Connect to share and comment
International outrage over Israel commando raid on Gaza aid ships.
ATHENS, Greece — International outrage over the deaths of at least nine people in a raid by Israeli commandos on ships trying to deliver humanitarian aid to Gaza sparked demonstrations in Israel, Europe and across the Arab world on Monday.
Here in Athens, thousands marched from the Israeli Embassy to the American Embassy and the Greek parliament, fighting with police along the way. Istanbul’s central Taksim Square was occupied by large crowds for hours while helicopters hovered overhead. In Tel Aviv, crowds demanded the resignation of Israeli Defense Minister Ehud Barak, who ordered the raid.
Turkey pulled its ambassador from Tel Aviv and Greece cancelled a joint air force exercise with Israel. Prime Minister Benjamin Netanyahu of Israel canceled his plans for meeting with U.S. President Barack Obama, who voiced "deep regret" over the raids.
Israeli frigates, speedboats and helicopters were used in the predawn raid, during which Israeli commandos boarded a flotilla of civilian ships carrying humanitarian aid to Gaza. Videos released by the Israeli military showed soldiers rappelling onto the deck of one vessel and being met by organized defenders wielding chairs, metal poles and clubs. One soldier was beaten and tossed down onto a lower deck. Another video, shot from a helicopter, showed the Turkish ship’s crew lobbing a stun grenade and a firebomb at the Israelis. Neither of the videos go on to show what happened as the Israelis opened fire with live ammunition.
The Cyprus-based Free Gaza movement, which coordinated the flotilla, claims that the military operation took place in international waters and was an act of piracy. Israel has not denied the claim that its assault happened outside its territorial waters.
“The armada of hate and violence in support of the Hamas terror organization was a premeditated and outrageous provocation,” said Israeli Deputy Foreign Minister Danny Ayalon at a press conference. “The organizers are well known for their ties to global jihad, Al Qaeda and Hamas. On board the ship we found weapons that were prepared in advance and used against our forces.”
Israel has not released images of the weapons it claims to have found.
“The organizers' intent was violent, their method was violent, and unfortunately the results were violent,” added Ayalon.
The Israeli Army maintained an information blackout into Monday evening as calls increased for news about the fates of hundreds of missing activists aboard the ships and a handful of international journalists. One of those injured managed to communicate with a Spanish journalist as he was being transferred to a hospital in the Israeli port of Haifa. Greek newspaper Ta Nea carried vivid descriptions of panicked phone conversations as Israeli commandos boarded the two Greek ships, before satellite receivers and mobile phones went dead.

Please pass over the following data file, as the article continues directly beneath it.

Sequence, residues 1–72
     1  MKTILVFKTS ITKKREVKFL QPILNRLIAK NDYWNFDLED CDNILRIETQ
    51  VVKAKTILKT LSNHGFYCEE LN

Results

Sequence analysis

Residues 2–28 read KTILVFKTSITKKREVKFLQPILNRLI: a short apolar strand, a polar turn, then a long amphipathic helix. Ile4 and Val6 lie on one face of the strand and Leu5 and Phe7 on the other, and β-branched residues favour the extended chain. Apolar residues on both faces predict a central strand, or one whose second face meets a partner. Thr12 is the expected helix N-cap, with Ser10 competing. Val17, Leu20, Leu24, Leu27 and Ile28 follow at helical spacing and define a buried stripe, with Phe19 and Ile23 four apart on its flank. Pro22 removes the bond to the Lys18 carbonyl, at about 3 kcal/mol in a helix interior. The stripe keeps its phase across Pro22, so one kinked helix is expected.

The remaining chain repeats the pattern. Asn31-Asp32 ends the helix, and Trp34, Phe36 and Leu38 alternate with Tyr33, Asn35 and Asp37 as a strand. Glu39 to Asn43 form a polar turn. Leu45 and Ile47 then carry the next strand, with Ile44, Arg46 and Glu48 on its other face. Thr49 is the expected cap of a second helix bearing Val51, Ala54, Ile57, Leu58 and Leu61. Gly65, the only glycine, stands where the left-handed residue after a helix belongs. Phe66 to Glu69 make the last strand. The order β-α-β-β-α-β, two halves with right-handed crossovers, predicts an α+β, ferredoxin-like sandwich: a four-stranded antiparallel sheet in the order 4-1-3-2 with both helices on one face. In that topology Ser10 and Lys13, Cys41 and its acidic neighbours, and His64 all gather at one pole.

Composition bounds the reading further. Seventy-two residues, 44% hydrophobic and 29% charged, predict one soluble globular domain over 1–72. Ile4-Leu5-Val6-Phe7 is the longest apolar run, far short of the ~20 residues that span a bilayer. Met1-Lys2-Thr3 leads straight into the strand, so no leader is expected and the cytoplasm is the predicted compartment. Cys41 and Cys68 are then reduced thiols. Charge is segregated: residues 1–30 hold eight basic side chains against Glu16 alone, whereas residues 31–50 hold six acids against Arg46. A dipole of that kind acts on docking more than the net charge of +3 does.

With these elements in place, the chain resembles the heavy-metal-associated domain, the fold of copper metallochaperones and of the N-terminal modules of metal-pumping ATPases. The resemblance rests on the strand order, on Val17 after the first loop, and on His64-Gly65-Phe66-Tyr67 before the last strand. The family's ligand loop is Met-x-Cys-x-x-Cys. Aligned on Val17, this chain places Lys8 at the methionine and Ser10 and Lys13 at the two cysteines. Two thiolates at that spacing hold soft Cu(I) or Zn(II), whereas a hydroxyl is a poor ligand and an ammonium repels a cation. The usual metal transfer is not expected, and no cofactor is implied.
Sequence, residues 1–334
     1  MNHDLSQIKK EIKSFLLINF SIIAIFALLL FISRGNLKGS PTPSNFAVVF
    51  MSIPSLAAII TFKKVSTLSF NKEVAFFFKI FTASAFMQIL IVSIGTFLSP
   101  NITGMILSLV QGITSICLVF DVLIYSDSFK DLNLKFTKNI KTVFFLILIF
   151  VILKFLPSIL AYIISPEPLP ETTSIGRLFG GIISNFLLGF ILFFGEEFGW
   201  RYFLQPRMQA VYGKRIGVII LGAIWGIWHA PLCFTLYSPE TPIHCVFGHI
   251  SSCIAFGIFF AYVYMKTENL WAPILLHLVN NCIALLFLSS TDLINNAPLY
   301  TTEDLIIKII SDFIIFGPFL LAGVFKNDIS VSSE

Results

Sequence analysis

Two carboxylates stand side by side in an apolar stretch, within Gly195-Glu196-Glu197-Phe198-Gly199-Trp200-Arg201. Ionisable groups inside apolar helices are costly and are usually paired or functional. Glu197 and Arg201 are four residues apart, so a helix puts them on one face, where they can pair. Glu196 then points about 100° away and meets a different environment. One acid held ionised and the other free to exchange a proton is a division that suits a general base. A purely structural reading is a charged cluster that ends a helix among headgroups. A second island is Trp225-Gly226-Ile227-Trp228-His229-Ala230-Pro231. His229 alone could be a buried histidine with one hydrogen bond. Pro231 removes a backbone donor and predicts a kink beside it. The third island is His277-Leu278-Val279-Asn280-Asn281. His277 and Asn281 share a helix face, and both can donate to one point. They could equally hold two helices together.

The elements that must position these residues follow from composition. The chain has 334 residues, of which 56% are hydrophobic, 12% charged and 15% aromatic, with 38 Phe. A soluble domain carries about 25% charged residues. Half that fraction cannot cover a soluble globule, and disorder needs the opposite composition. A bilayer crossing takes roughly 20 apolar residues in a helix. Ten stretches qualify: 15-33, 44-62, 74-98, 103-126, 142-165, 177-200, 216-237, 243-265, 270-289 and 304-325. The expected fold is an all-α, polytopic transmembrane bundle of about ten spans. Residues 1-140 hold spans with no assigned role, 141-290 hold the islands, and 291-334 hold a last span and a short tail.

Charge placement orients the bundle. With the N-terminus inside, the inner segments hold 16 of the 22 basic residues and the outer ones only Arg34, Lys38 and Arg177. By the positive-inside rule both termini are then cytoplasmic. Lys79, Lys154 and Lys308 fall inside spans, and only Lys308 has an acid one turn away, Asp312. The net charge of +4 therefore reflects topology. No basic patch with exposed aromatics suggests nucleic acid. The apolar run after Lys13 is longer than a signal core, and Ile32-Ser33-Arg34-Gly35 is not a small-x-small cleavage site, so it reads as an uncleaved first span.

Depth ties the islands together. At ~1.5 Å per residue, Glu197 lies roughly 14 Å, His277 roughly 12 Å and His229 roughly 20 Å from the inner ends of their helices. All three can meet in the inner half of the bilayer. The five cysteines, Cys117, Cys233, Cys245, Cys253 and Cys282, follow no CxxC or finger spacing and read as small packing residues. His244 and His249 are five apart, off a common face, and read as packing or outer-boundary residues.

Greek Deputy Foreign Minister Dimitris Droutsas summoned Israel’s ambassador to lodge an official protest, and Greece’s minister of defense announced he was canceling an air exercise with Israel.
In Athens, watching live coverage of the diplomatic drama unfolding on the TV of an open-air parking lot, accountant Platon Karavakis complained that “we are cowards because we will not do anything against [the Israelis] unless they first kill our own people.”
Of 35 Greek participants in the flotillas, one was reported wounded.
“We are shocked by reports of killings and injuries of people on board boats carrying supplies for Gaza, apparently in international waters,” was the terse joint statement delivered by Robert Serry, the Special Coordinator for the Middle East Peace Process and Filippo Grandi, the General Commissioner for the United Nations Relief and Works Agency. “We wish to make clear that such tragedies are entirely avoidable if Israel heeds the repeated calls of the international community to end its counterproductive and unacceptable blockade of Gaza.”
Turkey demanded that the U.N. Security Council and NATO convene emergency sessions. It is a member of both organizations and has increasingly punched above its diplomatic weight in recent years. Turkey's prime minister Recip Tayyip Erdogan theatrically stalked out of a World Economic Forum panel discussion involving Israeli President Shimon Peres in 2009 and was in Tehran last week to arrange a deal that would allow Iran and the U.S. to open negotiations on Tehran’s controversial nuclear energy program.
A previous attempt last year to reach Gaza from Cyprus with one ship failed when an Israeli Navy boat rammed the vessel in open seas. This year, Cyprus refused to allow the flotilla to set sail from its ports.
“We have 35 Greeks prisoners in international waters and we don’t even know in what situation they’re in,” said Giannis Spiridis, a student in Athens. “Neither the prime minister has addressed this issue nor anyone else in the government. And then they lecture us about Somali pirates!”
Turkey canceled three military exercises with Tel Aviv and Erdogan cut short a visit to Latin America and is headed home. In Istanbul, Palestinian flags flew from rooftops throughout the city.
“The silence of the Greek government shows how pathetic and cowardly it is,” said Petros Konstantinou, a press coordinator for the flotilla of boats. “Greece is sitting quietly, like a little child in its corner because, contrary to Turkey, it has decided to ally itself with Israel.”
Editor's note: This story has been updated to clarify that Erdogan walked out of a World Economic Forum panel with Peres.